Scania fined €880M for price fixing and cartel membership

Swedish truck maker Scania, part of the Volkswagen Group, has been fined €880M (~£770M) for its participation in an illegal cartel for 14 years with five other European truck manufacturers on pricing.

The five other members of the cartel – Daimler, DAF, MAN, Iveco and Volvo/Renault – reached a settlement decision with the Commission in July 2016.  MAN, also owned by Volkswagen Group, alerted the Commission to the cartel and escaped a €1.2bn fine. The other four received reduced fines for settling. The biggest penalty, of €1bn, was imposed on Germany’s Daimler. Dutch company DAF was fined €753m, Volvo/Renault €670m and Italy’s Iveco €495m.


(Source: Getty Images/European Commission)

As Scania chose not to settle this cartel case, the Commission’s investigation against Scania was carried out under the standard cartel procedure and it did not benefit from a 10% reduction in its fine according to the Commission’s procedures.

The infringement by the cartel lasted 14 years from 1997 until 2011 and covered the full extent of the European Economic Area (EEA) market. The Commission’s investigations found that initially meetings were held at senior manager level, sometimes at the margins of trade fairs or other events, alongside phone conversations.

Then, from 2004, the cartel was organised via the producers’ German subsidiaries, with those involved exchanging information electronically, up until 2011, when the Commission carried out unannounced inspections of the firms involved.

Discussions between the firms covered the same topics:

  • coordinating prices at “gross list” level for for medium and heavy trucks in the EEA (those between 6 to 16 tons) and heavy trucks (weighing over 16 tons);
  • the timing for the introduction of emission technologies (from Euro III to the current Euro VI); and,
  • the passing onto customers of the costs for those technologies.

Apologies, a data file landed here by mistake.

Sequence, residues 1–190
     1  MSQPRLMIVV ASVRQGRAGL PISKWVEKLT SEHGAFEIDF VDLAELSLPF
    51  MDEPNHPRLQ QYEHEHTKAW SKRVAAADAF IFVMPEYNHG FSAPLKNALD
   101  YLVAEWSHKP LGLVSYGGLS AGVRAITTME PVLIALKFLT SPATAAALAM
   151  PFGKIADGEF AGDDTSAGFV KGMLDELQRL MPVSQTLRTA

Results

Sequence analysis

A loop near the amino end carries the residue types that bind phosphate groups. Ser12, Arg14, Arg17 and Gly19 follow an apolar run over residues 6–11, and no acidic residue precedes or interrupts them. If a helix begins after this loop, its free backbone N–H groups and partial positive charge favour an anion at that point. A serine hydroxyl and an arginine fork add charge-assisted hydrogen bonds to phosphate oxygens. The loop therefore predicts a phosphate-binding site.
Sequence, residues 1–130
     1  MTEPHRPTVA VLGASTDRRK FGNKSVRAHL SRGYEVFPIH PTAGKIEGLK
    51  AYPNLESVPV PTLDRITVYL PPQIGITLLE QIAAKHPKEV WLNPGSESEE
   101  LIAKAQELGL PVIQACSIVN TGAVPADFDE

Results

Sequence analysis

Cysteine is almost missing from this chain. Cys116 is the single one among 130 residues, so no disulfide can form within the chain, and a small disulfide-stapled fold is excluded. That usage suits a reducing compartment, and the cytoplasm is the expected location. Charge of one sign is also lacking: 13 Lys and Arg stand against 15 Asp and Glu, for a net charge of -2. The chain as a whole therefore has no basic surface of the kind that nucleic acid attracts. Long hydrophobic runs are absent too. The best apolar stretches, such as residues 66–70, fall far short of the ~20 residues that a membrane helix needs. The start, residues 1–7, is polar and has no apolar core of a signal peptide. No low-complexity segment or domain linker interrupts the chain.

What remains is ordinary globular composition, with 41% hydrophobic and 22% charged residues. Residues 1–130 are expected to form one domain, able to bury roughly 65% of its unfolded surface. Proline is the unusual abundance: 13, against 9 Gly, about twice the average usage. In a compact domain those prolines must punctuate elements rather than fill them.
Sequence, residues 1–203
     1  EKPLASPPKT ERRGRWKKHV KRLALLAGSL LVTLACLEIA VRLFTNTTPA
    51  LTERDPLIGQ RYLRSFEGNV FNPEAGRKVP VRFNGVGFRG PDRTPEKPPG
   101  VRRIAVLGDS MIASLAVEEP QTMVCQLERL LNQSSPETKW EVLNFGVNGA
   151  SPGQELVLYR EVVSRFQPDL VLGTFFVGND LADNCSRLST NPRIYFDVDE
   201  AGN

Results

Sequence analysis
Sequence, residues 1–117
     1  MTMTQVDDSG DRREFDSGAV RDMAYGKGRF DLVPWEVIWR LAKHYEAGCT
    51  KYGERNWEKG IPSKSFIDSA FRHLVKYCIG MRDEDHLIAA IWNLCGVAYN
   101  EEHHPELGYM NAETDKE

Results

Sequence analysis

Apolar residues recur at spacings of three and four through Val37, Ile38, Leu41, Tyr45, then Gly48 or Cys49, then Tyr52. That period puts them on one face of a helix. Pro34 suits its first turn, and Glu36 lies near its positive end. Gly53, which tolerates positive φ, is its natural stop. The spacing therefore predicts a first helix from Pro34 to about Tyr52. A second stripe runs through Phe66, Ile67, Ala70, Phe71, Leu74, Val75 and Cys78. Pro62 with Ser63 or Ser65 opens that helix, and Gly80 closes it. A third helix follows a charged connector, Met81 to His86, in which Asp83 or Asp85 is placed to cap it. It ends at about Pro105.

Competition Commissioner, Margrethe Vestager, said:

This cartel affected very substantial numbers of road hauliers in Europe, since Scania and the other truck manufacturers in the cartel produce more than nine out of every 10 medium and heavy trucks sold in Europe.

These trucks account for around three quarters of inland transport of goods in Europe and play a vital role in the European economy. Instead of colluding on pricing, the truck manufacturers should have been competing against each other – also on environmental improvements.

More information will be available on the Commission’s competition website, and in the public case register under case number 39824, once confidentiality issues have been resolved.

Press reports elsewhere indicate that Scania maintains its innocence; that it fully cooperated with the Commission’s investigations and is likely to appeal the Commission’s decision.

Any person or firm affected by anti-competitive behaviour as described in this case may bring the matter before the courts of the Member States and seek damages.

The case law of the European Court of Justice and Council Regulation 1/2003 both confirm that in cases before national courts, a Commission decision constitutes binding proof that the behaviour took place and was illegal.

Even though the Commission has fined the companies concerned, damages may be awarded without being reduced on account of the Commission fine.